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so it's been a couple days of legal recreational pot sales on the books in colorado, and the big headline seems to be sticker shock. the price of high-quality product according to denver post, tax on top of that. the reason is limited supply, and very heavy demand. >> there is no stereo type about it. there are people who are 21 and i've seen people who are 75 years old come through the door today. it's a big mix from all walks of life. i think when people get the opportunity to choose a form of recreation, a lot of people in colorado have said they would like to choose cannabis and that's what we're seeing today. >> i want to get more of what they are seeing today in colorado. let's check in with miguel marquez in denver surrounded by marijuana at a growing operation
called canyon harvest. good evening, miguel. >> reporter: good evening. john, this is the grow facility for evergreen down the street here. these are younger plants that aren't yet budding out. there is another room over here where all the bud grows and that's the stuff they sale. it is running about $50 for 1/8th ounce plus taxes, 61, $65 for 1/8th of an ounce. if you're a colorado citizen up to an ounce. if you're from out of state, a quarter of half ounce. it's going gang busters for retailers so far. i think beyond wildest expectations at this point. medicine man, which is a large dispensary here expecting 400 to 500 customers, got over 650. they turned people away. there was a line, 100-people long all day long trying to get in to buy. there is only a hand full of
these places open. more will come online with they get certification, licenses down. it is unbelievable, beyond expectations how it's being sold and i met people from maine, oregon, across the country coming into colorado. i didn't think it would happen that way. amazing. >> boeconomist, journalist. are there any problems now that we've had two days of legal sales? >> reporter: there are no problems with the sales. all of that has gone relatively smoothly. law enforcement reporting no concerns. that said, there are a lot of edibles coming on the market. there was an insurance didn't today in longmont, colorado where a 2-year-old girl picked up a cooky her mother said on the grass outside of their home. she ingested it and tested positive for thc. her mother said she doesn't smoke marijuana or use marijuana but she and her other child are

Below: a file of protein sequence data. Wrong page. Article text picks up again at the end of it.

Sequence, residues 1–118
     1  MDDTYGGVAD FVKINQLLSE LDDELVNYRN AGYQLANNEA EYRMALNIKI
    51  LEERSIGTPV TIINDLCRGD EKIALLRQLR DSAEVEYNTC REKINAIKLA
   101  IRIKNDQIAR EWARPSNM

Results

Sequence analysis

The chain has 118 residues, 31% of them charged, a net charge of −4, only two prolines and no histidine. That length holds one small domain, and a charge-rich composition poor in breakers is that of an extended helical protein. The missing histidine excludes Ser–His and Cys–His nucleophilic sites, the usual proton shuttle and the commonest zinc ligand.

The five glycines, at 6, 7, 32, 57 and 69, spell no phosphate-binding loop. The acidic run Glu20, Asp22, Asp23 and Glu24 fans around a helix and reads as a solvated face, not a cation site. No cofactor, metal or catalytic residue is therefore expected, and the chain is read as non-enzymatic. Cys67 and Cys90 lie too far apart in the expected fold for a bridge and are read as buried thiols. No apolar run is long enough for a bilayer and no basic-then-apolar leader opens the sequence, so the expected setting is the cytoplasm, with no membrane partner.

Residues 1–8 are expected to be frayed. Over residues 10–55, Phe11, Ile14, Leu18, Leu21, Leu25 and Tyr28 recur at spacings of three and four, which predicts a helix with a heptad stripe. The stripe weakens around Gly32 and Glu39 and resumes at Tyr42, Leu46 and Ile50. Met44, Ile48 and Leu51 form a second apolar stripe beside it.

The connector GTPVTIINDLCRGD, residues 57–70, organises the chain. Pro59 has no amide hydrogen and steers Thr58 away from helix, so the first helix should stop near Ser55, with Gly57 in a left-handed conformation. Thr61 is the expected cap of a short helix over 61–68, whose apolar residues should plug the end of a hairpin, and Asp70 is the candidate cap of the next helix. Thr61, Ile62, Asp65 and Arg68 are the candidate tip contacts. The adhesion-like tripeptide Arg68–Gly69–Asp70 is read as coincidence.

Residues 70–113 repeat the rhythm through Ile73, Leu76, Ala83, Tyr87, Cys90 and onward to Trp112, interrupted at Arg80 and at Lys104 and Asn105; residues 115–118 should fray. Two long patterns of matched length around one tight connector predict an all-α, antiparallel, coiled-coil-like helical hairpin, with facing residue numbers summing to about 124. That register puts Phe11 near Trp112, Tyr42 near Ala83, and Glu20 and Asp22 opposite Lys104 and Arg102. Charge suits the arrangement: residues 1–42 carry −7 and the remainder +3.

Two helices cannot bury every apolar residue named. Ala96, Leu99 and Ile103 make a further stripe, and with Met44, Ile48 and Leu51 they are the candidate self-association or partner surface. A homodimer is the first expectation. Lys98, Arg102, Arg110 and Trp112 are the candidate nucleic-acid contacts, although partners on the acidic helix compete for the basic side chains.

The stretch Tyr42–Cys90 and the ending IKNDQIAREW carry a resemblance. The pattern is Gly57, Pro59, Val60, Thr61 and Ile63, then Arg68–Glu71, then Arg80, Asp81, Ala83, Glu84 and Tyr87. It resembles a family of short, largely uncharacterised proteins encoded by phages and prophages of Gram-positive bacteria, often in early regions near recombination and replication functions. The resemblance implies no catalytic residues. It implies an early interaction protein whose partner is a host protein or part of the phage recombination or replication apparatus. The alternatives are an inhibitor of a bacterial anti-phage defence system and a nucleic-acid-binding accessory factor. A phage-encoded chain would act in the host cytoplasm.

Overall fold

subjected to a test, basically, to see if they are using marijuana. the police searched the house to make sure there was no marijuana parafa nil ya in there. doctors here saying before 2009, no kids entered the hospital for marijuana, after 2009, you have 12 kids now who have entered the hospital on symptoms of thc, john. >> these may be the problems, they are literally discovering every day there. miguel marquez in colorado. thanks so much. i want to dig into the complications here. famous recalled states the laboratories of dem mac see, well, experiment is underway in colorado and soon, also, in washington state with legal medical and political and social dimensions to talk about. here to explore them, dr. sanjay gupta and senior legal analyst
jeffrey toobin. sanjay, clearly the laws have changed, public opinion has changed nationwide. where is the science on whether pot is addictive and what it might do to the brain? >> science is emerging but i'll preface by saying look, this has been illegal for a long time in this country. science is hard to come by. that's part of the problem. having said that, you know, if you look at addiction sort of across the board, addiction sort of means not only the idea someone is addicted to something, they will have physical withdraw if you take away the substance, but is it interfering with the way of life? do they seek out a substance and to get it, it will interfere with things they should do as part of their normal lives. marijuana across the board, 9% of people will become addicted to it compared to heroin which is closer to 23%, cocaine is in the 20s, alcohol 15, 16% depending on studies you look
at. it is addictive, but maybe not as addictive as other substances. >> the law is setted in colorado, it is legal for regularuation l use. pot is still illegal under federal law even though the attorney general said he's not going to really prosecute pot crimes in colorado. what does this all mean? >> what it means is that colorado and washington state where it will be legal shortly are on probation from the federal government. the federal government said we are not going to prosecute individual salers and users as long as you meet several conditions and that is keep pot away from children, keep pot away from criminal organizations, organized crime, maintain sort of the general discipline of law enforcement. that's what the federal government has decided to do, and like so much of this, we'll see how it unfolds. >> sanjay, you've done so much